> there another way.)
>
>  - How do we enforce finality?  There *are* multiple legitimate classes
> that implement Foo<any T> -- Foo<int> is a different class than
> Foo<erased>.  How do we enforce that only "legitimate" instantiations are
> allowed to implement Foo$$any?
>
>  - Even ignoring finality, how do we prevent impersonation?  If we
> represent Foo<any> by Foo$$any at runtime, how do we keep someone from
> simply implementing Foo$$any but not respecting the invariants of Foo, and
> passing the fake to a method expecting a Foo<any>?
>
>  - What about wildcard capture?  We need a story for this; we're not
> working on this quite yet.
>
>  - Non-anyfied superclasses.  The case "class Foo<any T> extends Moo" is
> an annoying corner case, which messes up our story for subtyping checks
> (member access is easily dealt with in one of several ways.)
>
> In the happy cases, many operations on anyfied types proceed quite nicely,
> leaning on existing VM mechanisms (subtyping, invokeinterface, reflection),
> so they "just work".  All the work is dealing with the unhappy cases.
>
> With a big enough crowbar(s), each of these issues can be dealt with, but
> we're mindful of the risk of ending up with a pile of unrelated hacks.
>
> OK, back to work!
>
>
>
> On 8/31/2015 10:04 PM, John Altidor wrote:
>
>> Hi Brian,
>>
>> I am new to this mailing list.  My PhD dissertation covered subtyping with
>> variance and Java wildcards extensively, so the questions you raised in
>> this thread are very interesting to me.  I was wondering how you are
>> handling the translational aspects of wildcards and specialized generic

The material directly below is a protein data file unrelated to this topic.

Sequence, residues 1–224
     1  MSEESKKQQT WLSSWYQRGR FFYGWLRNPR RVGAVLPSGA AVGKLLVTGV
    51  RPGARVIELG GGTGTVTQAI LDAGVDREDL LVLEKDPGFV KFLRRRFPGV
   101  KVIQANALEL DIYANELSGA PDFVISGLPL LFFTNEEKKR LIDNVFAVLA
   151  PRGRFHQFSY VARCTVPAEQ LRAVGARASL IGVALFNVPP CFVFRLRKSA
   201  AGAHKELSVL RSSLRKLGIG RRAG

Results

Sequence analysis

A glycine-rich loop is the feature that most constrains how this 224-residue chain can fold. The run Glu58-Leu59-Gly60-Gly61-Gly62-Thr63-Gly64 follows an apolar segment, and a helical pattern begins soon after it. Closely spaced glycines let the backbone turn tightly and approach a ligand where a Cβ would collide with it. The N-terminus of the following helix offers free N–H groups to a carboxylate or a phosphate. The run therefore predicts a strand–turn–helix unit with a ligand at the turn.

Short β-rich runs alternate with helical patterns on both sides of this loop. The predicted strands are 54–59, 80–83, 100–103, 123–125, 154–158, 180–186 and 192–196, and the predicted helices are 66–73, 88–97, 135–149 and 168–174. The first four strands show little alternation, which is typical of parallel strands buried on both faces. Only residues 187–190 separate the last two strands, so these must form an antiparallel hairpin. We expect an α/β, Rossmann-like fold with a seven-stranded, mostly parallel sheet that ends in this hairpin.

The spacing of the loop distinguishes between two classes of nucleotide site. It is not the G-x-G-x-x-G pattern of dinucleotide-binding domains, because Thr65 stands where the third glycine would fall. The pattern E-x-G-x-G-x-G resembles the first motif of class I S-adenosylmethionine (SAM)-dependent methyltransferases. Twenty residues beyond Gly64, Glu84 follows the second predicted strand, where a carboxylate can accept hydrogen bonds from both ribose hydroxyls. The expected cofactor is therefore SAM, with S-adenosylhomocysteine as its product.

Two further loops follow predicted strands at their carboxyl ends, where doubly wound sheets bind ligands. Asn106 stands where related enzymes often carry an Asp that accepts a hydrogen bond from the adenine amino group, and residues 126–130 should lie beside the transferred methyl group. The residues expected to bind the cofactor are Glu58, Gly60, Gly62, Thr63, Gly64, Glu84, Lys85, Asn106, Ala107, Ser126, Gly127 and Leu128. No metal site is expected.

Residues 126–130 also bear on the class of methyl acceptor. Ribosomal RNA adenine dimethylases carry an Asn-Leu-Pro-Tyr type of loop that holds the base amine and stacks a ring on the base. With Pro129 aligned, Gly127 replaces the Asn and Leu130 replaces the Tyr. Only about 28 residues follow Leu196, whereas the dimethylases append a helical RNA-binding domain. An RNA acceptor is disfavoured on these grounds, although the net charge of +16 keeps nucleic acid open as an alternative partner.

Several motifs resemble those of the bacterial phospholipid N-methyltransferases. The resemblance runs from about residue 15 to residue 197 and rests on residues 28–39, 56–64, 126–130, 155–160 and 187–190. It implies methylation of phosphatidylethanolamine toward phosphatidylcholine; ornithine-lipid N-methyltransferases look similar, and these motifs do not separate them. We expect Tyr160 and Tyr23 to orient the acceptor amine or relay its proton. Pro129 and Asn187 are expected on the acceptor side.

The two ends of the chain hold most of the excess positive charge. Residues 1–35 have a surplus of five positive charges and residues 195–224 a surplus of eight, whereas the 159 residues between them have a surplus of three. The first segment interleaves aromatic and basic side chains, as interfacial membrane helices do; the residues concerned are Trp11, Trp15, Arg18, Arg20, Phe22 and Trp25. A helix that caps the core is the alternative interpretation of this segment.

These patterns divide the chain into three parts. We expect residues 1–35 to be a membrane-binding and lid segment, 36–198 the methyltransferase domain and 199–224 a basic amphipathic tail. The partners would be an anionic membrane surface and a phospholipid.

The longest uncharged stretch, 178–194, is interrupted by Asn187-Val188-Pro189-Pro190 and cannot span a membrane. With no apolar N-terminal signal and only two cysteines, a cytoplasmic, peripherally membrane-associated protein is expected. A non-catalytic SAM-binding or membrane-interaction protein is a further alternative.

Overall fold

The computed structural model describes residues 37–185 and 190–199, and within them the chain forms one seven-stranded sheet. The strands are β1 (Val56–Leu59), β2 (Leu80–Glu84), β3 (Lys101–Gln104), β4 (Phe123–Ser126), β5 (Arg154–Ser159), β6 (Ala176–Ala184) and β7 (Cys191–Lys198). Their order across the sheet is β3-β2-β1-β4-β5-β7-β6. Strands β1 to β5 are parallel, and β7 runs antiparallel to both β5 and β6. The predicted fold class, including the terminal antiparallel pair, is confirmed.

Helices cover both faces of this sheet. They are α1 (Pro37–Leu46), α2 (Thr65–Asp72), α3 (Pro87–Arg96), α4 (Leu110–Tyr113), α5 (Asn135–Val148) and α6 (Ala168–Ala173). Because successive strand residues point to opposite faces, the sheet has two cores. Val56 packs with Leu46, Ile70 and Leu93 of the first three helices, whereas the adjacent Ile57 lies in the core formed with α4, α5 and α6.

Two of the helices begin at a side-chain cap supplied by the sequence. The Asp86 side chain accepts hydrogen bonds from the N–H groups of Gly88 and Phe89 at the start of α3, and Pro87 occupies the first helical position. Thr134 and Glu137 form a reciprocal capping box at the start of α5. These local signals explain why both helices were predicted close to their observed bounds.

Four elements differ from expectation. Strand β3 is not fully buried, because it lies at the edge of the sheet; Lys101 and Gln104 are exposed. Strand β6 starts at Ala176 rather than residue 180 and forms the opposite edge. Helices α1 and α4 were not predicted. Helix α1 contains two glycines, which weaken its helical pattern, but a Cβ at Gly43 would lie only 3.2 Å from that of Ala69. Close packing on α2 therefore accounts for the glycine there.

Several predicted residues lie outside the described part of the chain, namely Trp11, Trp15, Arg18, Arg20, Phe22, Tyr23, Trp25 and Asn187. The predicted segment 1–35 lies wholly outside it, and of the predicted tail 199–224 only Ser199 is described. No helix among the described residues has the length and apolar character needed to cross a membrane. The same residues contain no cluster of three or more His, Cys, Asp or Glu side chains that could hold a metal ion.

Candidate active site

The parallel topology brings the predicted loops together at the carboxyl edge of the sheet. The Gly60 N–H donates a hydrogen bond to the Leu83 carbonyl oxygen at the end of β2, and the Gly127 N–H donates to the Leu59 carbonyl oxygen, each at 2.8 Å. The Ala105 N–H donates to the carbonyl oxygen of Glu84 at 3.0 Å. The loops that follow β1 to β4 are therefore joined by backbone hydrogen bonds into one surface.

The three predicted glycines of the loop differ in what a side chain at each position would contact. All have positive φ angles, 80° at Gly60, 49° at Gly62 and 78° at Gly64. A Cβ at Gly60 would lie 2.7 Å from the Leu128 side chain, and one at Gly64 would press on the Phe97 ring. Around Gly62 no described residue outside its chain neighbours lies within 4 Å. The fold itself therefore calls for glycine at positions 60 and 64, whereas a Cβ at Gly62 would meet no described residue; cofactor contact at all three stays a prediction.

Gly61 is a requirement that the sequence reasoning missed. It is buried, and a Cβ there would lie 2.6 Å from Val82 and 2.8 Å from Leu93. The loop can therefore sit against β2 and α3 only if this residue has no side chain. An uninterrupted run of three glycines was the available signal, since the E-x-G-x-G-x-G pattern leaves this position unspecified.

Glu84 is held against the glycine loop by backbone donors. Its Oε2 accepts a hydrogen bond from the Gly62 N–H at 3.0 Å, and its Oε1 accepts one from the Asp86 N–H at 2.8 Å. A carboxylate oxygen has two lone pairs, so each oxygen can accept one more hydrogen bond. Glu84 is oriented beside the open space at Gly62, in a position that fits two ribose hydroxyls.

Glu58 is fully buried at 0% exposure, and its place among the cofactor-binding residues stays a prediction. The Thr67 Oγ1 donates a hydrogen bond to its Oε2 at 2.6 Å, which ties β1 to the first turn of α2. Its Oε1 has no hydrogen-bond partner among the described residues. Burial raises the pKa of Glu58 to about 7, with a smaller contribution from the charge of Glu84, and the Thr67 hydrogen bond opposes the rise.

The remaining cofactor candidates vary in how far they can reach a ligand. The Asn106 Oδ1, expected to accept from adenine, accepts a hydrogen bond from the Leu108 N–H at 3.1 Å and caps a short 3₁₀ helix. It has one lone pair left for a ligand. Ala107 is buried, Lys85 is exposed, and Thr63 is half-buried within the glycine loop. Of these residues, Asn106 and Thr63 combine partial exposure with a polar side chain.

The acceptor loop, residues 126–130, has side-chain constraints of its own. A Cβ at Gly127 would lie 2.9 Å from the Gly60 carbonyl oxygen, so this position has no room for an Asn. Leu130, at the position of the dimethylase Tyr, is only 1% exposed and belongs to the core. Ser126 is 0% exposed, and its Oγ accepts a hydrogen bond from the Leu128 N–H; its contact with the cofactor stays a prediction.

>> methods.
>>
>> Your earlier post asked how to represent List<any> in bytecode.  Since
>> List<any> is a supertype of both List<int> and List<double>, for example,
>> type List<any> should only support operations that can be applied to both
>> List<int> and List<double>.  One such operation is counting the number of
>> elements using method List.size().  Which byte representation would
>> support
>> being able to dispatch List.size() on both an instance of List<int> and an
>> instance of List<double>?
>>
>> It seems such a byte representation would need to be independent of
>> fields.
>>    The number of bytes needed to represent an instance differs among
>> primitive types (e.g. int and double).  As a result, it seems List<int>
>> and
>> List< double> may differ in the number of bytes needed for their fields.
>> In that case, one could not know the number of bytes in the instance of
>> List<any> returned from the following method:
>>
>> List<any> func(int input_num) {
>>    if(input_num is odd)
>>      return new List<int>();
>>    else
>>      return new List<double>();
>> }
>>
>> In addition to type-independent methods such as List.size(), another
>> operation that is type safe to allow on an instance of List<any> is
>> wildcard capture.  Consider the generic method, swapFirstTwo, below that
>> just swaps the order of the first two elements in the input list.  It is
>> type safe to pass an instance of List<any> to this method (because no
>> runtime type error would occur).
>>
>> <any T> void swapFirstTwo(List<T> list) {
>>    T first = list.getAndRemoveFirst();
>>    T second = list.getAndRemoveFirst();
>>    list.addToBeginning(first);
>>    list.addToBeginning(second);
>> }
>>
>> Would two calls to method swapFirstTwo, one with a List<int> as input and
>> the other method call with a List<double> as input, result in two
>> specialized copies of method swapFirstTwo in byte code?  If that is the
>> case, what is the byte representation of method swapFirstTwo when the
>> input
>> is an instance of List<any>?
>>
>> Thank you,
>> John Altidor
>> http://jgaltidor.github.io/
>>
>>